Links Roundup for 9 September 2011

Here’s a roundup of stories about fan protests that might be of interest to fans:

  • Fans on Tumblr planned a Blackout Day to protest changes on the site on September 3. It’s not clear how effective the protest was in terms gaining the attention of Tumblr management but it may have had an impact on site traffic.
  • During Comic-Con in July, fans protested DC Comics’ decision to reboot many of their series, a change which erased or sidelined a number of female and minority characters and contributed to the reduced number of female creators at DC. DC cited fan concerns in their announcement that they would be preparing “new projects with women creators in the coming months.”
  • Numerous fan clubs for Michael Jackson have been protesting a planned charity concert in Wales to honor him, citing concerns about where the money will go, the invited performers, and the timing of the event while the trial of Jackson’s doctor continues.
  • A fan dubbed Clipper Darrell is planning to stage a sleep-in to protest the NBA lockout which will deprive him of seeing his Clippers basketball team. Although his is a solo protest, a group of Dodgers baseball fans have staged two protests regarding poor management of their team. While the effectiveness of these efforts is in doubt, the article concludes “you have to give fans credit when they are willing to stand up for what they believe in…This group of fans is doing something about it.”

If you’re part of a fandom on Tumblr or DC Comics, why not contribute your experiences to Fanlore? Contributions are welcome from all fans.

We want your suggestions! If you know of an essay, video, article, event, or link you think we should know about, comment on the most recent Links Roundup — on transformativeworks.org, LJ, or DW — or give @OTW_News a shoutout on Twitter. Links are welcome in all languages!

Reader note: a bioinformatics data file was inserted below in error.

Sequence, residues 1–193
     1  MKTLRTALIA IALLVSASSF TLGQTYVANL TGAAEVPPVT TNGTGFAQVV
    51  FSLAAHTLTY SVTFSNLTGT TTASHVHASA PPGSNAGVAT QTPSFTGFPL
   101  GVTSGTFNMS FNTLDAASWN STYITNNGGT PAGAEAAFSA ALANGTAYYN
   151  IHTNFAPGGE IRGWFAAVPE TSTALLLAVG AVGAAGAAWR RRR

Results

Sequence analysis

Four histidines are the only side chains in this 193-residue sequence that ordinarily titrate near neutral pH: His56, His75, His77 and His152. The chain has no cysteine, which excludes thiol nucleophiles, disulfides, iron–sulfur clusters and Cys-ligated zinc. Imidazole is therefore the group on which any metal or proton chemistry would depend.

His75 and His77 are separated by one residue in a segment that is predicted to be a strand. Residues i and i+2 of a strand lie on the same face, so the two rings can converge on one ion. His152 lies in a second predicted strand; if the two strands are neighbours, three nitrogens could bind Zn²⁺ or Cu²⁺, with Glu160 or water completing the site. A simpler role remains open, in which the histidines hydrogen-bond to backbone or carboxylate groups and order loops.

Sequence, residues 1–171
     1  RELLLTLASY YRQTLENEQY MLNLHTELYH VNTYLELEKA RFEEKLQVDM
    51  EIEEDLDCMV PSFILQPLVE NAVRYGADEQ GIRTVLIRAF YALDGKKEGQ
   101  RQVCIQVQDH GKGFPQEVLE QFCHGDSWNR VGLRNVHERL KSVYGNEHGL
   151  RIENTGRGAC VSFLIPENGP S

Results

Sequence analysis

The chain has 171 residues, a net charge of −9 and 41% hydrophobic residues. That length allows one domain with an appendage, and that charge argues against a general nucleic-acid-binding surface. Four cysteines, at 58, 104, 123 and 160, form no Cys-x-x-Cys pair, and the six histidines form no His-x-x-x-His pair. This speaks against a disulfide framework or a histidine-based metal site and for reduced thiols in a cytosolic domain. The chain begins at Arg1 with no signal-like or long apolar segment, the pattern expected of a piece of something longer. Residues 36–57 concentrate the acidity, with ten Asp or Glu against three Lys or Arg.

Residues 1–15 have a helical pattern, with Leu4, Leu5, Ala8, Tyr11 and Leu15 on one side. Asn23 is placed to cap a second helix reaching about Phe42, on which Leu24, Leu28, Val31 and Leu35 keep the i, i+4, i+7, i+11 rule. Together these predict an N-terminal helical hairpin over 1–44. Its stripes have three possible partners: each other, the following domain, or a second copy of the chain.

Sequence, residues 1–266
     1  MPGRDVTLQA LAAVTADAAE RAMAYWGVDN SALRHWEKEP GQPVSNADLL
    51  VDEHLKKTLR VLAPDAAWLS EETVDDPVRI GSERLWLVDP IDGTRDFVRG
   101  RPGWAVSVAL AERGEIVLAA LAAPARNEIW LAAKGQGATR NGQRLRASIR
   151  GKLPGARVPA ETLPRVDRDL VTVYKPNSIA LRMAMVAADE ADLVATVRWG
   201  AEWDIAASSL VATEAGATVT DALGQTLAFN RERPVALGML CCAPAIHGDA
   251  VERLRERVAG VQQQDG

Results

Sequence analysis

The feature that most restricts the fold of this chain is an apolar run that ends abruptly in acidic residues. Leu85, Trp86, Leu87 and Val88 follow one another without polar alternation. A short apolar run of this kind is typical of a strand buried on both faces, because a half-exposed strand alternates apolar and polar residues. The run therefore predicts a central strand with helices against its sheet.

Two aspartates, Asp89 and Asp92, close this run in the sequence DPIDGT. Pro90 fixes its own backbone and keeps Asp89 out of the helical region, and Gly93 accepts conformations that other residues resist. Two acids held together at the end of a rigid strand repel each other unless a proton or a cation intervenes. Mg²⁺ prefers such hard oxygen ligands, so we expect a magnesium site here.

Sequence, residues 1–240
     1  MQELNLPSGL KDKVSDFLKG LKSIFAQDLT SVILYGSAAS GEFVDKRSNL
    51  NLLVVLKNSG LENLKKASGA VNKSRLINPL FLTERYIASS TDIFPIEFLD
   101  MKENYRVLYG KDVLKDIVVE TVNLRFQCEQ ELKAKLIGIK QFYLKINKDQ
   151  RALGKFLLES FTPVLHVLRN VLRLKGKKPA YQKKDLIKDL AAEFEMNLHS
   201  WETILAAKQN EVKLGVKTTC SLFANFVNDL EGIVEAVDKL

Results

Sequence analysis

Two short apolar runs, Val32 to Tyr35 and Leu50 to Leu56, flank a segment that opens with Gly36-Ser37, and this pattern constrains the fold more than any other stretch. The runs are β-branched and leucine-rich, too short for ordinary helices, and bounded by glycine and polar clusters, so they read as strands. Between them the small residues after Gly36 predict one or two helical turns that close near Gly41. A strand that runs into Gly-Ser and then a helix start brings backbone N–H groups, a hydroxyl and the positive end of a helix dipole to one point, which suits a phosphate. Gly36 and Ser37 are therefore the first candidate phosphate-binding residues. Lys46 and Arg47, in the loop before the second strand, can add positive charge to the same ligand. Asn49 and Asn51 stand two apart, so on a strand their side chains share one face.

Submitting a link doesn’t guarantee that it will be included in a roundup post, and inclusion of a link doesn’t mean that it is endorsed by the OTW.

Links Roundup for April 27, 2011

* The big news of the day: YouTube founders buy Delicious from Yahoo; this is also the big story on the blog at delicious.com. So far, there’s not much in the way of details, though geek.com is reporting that users will have the ability to opt out when the service changes hands.

* Fans, beware: Tumblr may push you out of your account name without warning if a corporation decides it wants it. danah boyd is reporting that Tumblr moved her account without notice or warning at the behest of a corporate entity who had trademarked her long-term internet handle, “zephoria.” Gawker.com reports another case in their story Tumblr Screws Hipster Underclass to Appease Hipster Overlords at Pitchfork, reporting that the person who blogged at pitchfork before Pitchfork Magazine got involved was moved, without permission or notice, to pitchfork1.tumblr.com.

* New Zealand snuck a ‘3 strikes you’re out’ copyright law into a larger emergency bill meant to help earthquake victims. Not only are these new amendments to the Copyright Act widely disliked, but there is resentment against the process of attaching them to an urgent emergency bill. A series of protests are planned for May 1st.

* Alison Croggon’s talk, The Rise of the Amateur, is now online; in it, Croggon argues that the internet has created new excitement in the arts – both in terms of amateur art and amateur criticism.

* The Atlantic has published an interview with Kembrew McLeod, co-author of Creative License: The Law and Culture of Digital Sampling, called, How Copyright Law Hurts Music, From Chuck D to Girl Talk .

We want your suggestions! If you know of an essay, video, article, event, or link you think we should know about you can submit it in three easy ways: comment on the most recent Link Roundup on transformativeworks.org, LJ, or DW, tag a link with “for:otw_news” on Delicious or give @OTW_News a shoutout on Twitter. Links are welcome in all languages!

Submitting a link doesn’t guarantee that it will be included in a roundup post, and inclusion of a link doesn’t mean that it is endorsed by the OTW.